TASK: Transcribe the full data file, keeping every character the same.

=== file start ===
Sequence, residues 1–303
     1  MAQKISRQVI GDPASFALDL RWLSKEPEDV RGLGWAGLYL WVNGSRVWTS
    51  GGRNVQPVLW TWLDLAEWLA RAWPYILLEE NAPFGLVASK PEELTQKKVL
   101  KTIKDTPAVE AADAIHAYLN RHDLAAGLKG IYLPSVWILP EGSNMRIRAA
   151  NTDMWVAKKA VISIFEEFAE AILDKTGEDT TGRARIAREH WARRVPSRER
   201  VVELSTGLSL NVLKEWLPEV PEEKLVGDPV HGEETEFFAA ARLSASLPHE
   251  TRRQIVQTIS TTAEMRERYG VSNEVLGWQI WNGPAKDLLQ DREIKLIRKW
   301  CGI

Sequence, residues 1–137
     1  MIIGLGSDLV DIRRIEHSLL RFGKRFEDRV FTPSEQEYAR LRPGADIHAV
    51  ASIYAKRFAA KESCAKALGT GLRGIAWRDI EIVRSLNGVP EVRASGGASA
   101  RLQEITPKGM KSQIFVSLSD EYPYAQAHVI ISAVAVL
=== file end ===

Sequence, residues 1–303
     1  MAQKISRQVI GDPASFALDL RWLSKEPEDV RGLGWAGLYL WVNGSRVWTS
    51  GGRNVQPVLW TWLDLAEWLA RAWPYILLEE NAPFGLVASK PEELTQKKVL
   101  KTIKDTPAVE AADAIHAYLN RHDLAAGLKG IYLPSVWILP EGSNMRIRAA
   151  NTDMWVAKKA VISIFEEFAE AILDKTGEDT TGRARIAREH WARRVPSRER
   201  VVELSTGLSL NVLKEWLPEV PEEKLVGDPV HGEETEFFAA ARLSASLPHE
   251  TRRQIVQTIS TTAEMRERYG VSNEVLGWQI WNGPAKDLLQ DREIKLIRKW
   301  CGI

Sequence, residues 1–137
     1  MIIGLGSDLV DIRRIEHSLL RFGKRFEDRV FTPSEQEYAR LRPGADIHAV
    51  ASIYAKRFAA KESCAKALGT GLRGIAWRDI EIVRSLNGVP EVRASGGASA
   101  RLQEITPKGM KSQIFVSLSD EYPYAQAHVI ISAVAVL